Sick of Subway Tile? Here Are 10 Super-Gorgeous Alternatives
Don’t get us wrong, we’ll always love a classic subway tile. But there are some more exciting options to consider, guys. Zellige, cement, mosaic: Yep, there’s a whole wide world of dazzling tile options out there just waiting for you to discover. We asked a few industry insiders to share the jazziest subway alternatives in their repertoire.
Consider this to be subway tile's glamorous, tastefully-blingy older sibling. Fun fact via interior designer John McClain: "Metal" tiles are not in fact real metal—they’re actually handmade ceramic, finished off with a metallic glaze. Swoon.
Get the look: SenecaMetal
Get the look: Marmoreal by Dzek
Not a fan of cleaning grout? Same. Which is why we extra-extra love this suggestion courtesy of designer Marie Flanigan: “When it comes to backsplash, I’m a fan of forgoing tile altogether, and instead opting for the counter slab to seamlessly transition up the wall for a streamlined look!"
Get the look: Taj Mahal by Arizona Tile
We're into this look because it’s little bit rustic, a little bit industrial and yet still totally classic. “Whether you use brick tiles or actual bricks, this solution will add tons of texture and warmth to your space,” insists designer Bria Hammel.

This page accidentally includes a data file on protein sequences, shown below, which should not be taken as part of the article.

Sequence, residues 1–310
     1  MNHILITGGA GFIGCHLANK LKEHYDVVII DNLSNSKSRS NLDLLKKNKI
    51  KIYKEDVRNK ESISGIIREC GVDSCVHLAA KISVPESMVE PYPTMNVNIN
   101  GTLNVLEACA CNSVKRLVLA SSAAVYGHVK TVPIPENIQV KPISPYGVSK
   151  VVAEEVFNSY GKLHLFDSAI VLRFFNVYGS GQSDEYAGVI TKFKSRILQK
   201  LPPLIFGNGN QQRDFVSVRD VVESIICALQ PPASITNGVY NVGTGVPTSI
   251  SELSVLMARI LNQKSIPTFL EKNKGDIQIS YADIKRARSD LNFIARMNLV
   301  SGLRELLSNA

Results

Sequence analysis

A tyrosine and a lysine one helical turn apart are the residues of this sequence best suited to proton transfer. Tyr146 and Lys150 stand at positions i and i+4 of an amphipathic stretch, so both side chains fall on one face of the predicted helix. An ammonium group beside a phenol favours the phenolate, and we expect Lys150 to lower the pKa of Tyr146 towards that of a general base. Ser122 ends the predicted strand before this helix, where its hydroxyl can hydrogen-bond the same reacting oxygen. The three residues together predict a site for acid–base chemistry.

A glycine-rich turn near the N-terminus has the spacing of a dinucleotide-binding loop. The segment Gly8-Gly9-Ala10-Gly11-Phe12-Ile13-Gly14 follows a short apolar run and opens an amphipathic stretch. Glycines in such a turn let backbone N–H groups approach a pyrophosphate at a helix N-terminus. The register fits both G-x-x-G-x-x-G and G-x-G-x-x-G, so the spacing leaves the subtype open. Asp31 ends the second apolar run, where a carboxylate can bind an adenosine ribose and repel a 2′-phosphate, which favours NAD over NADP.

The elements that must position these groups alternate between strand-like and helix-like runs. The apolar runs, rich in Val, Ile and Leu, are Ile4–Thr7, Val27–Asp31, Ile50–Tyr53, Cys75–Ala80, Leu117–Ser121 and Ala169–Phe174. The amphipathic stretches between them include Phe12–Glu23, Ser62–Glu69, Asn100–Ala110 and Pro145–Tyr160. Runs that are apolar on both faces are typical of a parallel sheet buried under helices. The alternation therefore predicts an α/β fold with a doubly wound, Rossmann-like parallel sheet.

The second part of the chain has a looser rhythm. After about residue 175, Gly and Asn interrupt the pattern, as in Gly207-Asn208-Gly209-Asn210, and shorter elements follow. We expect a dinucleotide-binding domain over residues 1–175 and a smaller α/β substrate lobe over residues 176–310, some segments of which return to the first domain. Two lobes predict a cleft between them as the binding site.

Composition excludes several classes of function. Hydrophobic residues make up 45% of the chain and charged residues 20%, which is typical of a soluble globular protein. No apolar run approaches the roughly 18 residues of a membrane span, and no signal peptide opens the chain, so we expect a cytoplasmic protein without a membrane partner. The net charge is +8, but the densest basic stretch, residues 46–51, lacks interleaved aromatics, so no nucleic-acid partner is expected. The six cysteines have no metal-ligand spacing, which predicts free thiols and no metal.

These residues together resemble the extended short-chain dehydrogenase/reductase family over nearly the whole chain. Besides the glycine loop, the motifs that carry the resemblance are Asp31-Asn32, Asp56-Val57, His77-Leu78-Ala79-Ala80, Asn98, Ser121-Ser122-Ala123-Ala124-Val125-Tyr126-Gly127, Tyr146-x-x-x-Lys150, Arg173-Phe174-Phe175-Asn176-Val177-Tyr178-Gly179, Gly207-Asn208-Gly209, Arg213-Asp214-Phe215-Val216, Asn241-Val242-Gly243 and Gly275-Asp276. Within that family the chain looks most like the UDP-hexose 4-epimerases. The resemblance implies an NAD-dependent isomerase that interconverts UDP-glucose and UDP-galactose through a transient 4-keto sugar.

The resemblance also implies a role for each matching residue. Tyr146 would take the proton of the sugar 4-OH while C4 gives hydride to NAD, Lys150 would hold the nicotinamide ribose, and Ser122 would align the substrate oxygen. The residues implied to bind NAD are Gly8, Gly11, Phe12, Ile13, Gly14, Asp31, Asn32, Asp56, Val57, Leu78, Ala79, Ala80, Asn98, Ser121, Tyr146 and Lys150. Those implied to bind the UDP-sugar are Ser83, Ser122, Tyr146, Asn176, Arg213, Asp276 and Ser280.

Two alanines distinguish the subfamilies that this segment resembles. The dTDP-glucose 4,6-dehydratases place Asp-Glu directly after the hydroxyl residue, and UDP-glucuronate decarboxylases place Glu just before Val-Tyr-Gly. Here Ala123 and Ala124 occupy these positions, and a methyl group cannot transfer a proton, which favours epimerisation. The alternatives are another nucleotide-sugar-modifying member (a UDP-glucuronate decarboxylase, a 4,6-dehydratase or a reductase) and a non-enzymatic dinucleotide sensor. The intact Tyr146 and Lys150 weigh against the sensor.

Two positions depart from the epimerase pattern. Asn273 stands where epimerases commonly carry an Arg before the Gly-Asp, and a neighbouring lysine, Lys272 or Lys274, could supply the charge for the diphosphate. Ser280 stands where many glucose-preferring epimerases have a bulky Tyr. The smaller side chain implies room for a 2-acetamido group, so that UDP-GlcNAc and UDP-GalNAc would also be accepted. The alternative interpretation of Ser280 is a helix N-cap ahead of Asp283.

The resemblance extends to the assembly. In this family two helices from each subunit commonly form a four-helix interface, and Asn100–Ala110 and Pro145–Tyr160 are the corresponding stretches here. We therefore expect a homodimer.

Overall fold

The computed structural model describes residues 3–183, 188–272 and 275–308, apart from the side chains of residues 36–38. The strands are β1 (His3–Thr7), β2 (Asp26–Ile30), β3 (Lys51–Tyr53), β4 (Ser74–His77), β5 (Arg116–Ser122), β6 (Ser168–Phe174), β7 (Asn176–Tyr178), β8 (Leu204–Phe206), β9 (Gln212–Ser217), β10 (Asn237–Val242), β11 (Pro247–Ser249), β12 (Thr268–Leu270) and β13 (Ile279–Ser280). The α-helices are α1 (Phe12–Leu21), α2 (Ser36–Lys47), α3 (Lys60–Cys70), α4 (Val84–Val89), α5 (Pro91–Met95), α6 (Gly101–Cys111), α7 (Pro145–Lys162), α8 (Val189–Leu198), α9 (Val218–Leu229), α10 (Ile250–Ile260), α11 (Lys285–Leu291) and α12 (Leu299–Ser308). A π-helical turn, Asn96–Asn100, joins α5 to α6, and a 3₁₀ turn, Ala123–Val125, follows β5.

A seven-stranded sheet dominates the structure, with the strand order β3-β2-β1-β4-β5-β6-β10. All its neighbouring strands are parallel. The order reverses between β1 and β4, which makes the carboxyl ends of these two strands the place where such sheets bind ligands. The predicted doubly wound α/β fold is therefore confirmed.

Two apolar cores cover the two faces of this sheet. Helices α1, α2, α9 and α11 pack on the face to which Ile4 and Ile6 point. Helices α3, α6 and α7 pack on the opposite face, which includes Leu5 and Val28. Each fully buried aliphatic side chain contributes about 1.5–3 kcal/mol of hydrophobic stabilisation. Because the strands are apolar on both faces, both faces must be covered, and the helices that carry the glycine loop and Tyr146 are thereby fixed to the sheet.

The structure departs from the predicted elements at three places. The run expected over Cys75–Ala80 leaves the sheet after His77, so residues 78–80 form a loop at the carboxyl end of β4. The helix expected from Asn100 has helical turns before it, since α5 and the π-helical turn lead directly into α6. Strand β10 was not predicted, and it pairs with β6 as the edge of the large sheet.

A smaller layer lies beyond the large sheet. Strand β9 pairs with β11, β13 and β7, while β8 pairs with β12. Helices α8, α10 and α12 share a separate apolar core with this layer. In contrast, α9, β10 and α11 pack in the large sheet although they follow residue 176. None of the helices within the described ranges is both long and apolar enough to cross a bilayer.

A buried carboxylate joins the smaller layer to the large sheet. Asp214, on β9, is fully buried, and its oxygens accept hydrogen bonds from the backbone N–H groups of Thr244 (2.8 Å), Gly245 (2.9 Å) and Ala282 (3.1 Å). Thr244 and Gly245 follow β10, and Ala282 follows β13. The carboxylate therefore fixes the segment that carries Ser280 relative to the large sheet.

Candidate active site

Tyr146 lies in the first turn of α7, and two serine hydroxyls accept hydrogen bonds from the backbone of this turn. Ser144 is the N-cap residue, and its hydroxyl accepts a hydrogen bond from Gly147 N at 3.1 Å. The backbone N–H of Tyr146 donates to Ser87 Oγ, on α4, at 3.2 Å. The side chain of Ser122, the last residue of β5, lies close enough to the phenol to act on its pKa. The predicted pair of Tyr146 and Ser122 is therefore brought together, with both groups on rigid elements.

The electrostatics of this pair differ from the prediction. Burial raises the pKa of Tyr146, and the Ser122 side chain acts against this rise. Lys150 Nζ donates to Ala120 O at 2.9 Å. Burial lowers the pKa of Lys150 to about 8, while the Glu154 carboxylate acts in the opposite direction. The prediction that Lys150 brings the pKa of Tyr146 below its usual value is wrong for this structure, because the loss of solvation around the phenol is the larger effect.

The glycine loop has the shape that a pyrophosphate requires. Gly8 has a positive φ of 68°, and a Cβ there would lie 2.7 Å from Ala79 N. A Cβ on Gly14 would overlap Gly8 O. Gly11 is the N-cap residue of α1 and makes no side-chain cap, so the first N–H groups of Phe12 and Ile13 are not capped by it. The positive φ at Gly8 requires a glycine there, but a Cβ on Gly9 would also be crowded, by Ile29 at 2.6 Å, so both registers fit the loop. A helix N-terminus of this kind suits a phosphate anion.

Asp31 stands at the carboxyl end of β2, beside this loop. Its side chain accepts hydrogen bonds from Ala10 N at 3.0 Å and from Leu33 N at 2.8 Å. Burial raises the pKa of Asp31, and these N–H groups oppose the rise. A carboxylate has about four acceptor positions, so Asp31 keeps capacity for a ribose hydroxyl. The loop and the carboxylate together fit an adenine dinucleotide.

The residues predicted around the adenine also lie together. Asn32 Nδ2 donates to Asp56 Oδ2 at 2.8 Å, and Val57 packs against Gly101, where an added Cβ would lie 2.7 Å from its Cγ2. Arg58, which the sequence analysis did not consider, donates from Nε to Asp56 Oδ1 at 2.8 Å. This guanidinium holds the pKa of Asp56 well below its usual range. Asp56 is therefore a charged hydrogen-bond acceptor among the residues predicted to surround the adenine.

Get the look: City Hall by General Shale (price upon inquiry)
STAR AND CROSS
Love a global influence? Look no further than star and cross tiles, which nod subtly to Spanish and Moroccan architecture. While fun and bold, “in a softer color combination, they really add movement without too much distraction,” says designer Courtney Thomas.
Get the look: Cinnabar star & cross by Fireclay Tile
Fact: We've never met a zellige tile we didn't want to plaster all over our home. This traditional Moroccan tile offers tons of organic texture and character. Our friends at design firm Studio Life.Style love using zellige tiles "in a rectangular vertical layout for a contemporary and unexpected look." Chicccc.
Get the look: Artisan Collection by Equipe
Designer Laura Umansky swears by graphic, high-contrast mosaic tiles if you’re not afraid to commit to a statement. (If this isn't the antithesis to a basic white subway tile, then we don't know what is!)
Get the look: Liaison by Kelly Wearstler Mosaics
Field tile (aka porcelain tile) in a whimsical cut can achieve a very similar feel to subway tile—but with an edgy spin. Caitlin Murray of Black Lacquer Design calls this option “subway style with a twist—both classic and unexpected!"
Get the look: Swiss Cross Gotham Field Tile in Cool Forest by Ann Sacks
For earthy texture and an air of age, consider ceramic hex tiles in a layered glaze. "Like subway tile, these won't overwhelm the kitchen's overall design—but they offer much more character and detail," says Cathy Bailey, creative director of Heath Ceramics.
Get the look: Dwell Patterns by Heath Ceramics
Get the look: Persian Star by Fireclay Tile